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On Catcher Defense

In Baseball on October 21, 2013 at 8:50 pm

Baseball statistics have become more sophisticated in the last decade. So why is it still so hard to measure defense?

The last decade has been a veritable golden age for statistical analysis in baseball. In the decade since Michael Lewis wrote Moneyball, front offices and fans have shed the shackles of the box score and embraced sabermetric-style statistical analysis. Metrics like VORP, PECOTA and WAR have revolutionized how we value position players, while statistics like FIP and ERA+ evaluate pitchers without the variables of defense and ballparks. Even the previously nebulous subject of defense has been refined with statistics like UZR and the Dewan Plus/Minus system, revealing that good defense can be just as valuable as offense. But while these and other statistics have changed the way we analyze baseball, one area continues to baffle sabermetricians — the defensive value of catchers.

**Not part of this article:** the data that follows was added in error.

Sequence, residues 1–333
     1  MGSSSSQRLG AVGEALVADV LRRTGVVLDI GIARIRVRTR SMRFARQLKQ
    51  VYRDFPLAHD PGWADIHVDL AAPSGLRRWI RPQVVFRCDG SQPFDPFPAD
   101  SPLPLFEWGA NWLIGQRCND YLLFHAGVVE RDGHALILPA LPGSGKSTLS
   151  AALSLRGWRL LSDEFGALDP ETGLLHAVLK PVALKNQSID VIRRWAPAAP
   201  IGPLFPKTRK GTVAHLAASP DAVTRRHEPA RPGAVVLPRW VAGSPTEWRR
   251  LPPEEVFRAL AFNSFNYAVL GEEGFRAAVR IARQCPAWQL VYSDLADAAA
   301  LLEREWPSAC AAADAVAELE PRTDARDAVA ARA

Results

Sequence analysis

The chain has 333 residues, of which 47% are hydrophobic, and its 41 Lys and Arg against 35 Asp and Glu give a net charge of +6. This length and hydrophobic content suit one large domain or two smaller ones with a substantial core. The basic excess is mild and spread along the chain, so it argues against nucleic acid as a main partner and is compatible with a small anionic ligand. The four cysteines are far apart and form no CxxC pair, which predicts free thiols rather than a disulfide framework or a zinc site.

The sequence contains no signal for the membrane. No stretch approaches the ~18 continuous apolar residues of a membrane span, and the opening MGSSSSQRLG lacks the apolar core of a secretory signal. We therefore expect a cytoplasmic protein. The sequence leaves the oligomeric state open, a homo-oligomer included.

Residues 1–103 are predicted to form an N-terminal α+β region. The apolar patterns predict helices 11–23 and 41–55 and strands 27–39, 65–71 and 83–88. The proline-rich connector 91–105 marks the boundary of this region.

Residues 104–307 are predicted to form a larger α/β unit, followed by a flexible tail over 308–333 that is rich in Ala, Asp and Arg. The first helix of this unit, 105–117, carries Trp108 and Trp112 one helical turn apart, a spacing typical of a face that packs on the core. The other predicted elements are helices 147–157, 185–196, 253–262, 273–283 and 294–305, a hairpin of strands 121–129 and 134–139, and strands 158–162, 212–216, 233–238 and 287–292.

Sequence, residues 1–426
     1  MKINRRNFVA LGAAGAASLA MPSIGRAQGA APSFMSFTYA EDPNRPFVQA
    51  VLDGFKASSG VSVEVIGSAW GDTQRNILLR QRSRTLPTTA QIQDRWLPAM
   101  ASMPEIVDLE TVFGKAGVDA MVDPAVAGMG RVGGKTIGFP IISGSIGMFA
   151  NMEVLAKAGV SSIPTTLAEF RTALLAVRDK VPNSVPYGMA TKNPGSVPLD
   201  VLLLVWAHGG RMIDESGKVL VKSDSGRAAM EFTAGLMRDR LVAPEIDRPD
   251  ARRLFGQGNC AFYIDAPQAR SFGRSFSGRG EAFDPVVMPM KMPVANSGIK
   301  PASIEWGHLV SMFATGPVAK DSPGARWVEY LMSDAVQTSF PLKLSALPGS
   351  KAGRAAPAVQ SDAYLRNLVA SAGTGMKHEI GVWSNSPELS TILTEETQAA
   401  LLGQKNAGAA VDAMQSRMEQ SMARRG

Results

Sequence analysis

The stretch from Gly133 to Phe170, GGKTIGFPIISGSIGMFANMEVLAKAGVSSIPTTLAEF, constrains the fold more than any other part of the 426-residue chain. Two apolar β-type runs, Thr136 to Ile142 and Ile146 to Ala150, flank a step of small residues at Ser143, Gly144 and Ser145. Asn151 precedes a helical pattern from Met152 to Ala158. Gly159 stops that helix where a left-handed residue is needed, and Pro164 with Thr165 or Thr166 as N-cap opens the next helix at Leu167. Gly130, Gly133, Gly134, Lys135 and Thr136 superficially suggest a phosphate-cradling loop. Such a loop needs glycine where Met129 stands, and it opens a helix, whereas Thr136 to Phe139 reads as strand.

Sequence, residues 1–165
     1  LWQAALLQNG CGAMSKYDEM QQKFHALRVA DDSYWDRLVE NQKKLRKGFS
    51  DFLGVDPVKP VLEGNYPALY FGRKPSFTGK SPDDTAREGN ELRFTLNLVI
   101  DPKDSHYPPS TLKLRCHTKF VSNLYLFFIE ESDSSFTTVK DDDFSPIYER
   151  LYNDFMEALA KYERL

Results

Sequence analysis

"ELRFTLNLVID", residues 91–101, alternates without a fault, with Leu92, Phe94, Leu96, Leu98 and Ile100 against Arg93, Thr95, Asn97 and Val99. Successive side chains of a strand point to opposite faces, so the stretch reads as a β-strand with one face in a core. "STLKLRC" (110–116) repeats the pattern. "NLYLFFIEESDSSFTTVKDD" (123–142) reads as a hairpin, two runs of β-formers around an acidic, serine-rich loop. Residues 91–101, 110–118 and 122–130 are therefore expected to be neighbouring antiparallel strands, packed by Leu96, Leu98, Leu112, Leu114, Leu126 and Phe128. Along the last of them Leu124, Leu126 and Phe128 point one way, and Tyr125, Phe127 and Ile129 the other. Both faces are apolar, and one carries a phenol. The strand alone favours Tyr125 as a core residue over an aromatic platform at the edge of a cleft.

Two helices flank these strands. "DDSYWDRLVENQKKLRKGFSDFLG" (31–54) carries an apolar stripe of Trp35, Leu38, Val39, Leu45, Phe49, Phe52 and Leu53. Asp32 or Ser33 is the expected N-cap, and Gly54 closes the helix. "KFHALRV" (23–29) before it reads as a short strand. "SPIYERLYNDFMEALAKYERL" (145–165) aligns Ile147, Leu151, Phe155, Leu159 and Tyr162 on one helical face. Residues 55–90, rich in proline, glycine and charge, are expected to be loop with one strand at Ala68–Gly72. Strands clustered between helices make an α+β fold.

The difficulty in quantifying catcher defense is due largely to the multifaceted nature of the position. Catchers form half of the pitching battery and field approximately 200 pitches in the span of a nine-inning game, and have to prevent passed balls and wild pitches. But they also play the field, catching pop ups, protecting against the bunt and throwing out runners on the base paths. FanGraphs lists four skill sets that are central to the defensive value of a catcher: arm strength and accuracy, pitch blocking ability, pitch framing ability and pitch selection. Defensively, at least, catcher is arguably the most unique position on the diamond.

Despite the difficulty in producing a single defensive analysis of catchers, several metrics do exist to evaluate individual skill sets behind the plate. Of course, catchers compile a fielding percentage like any other position player. But the drawbacks of fielding percentage as a statistic — namely its reliance on the observations of the official scorer — are well established. As for more revealing statistics, two in particular provide a deeper understanding of a catcher’s ability than any other currently devised metric: rSB and RPP.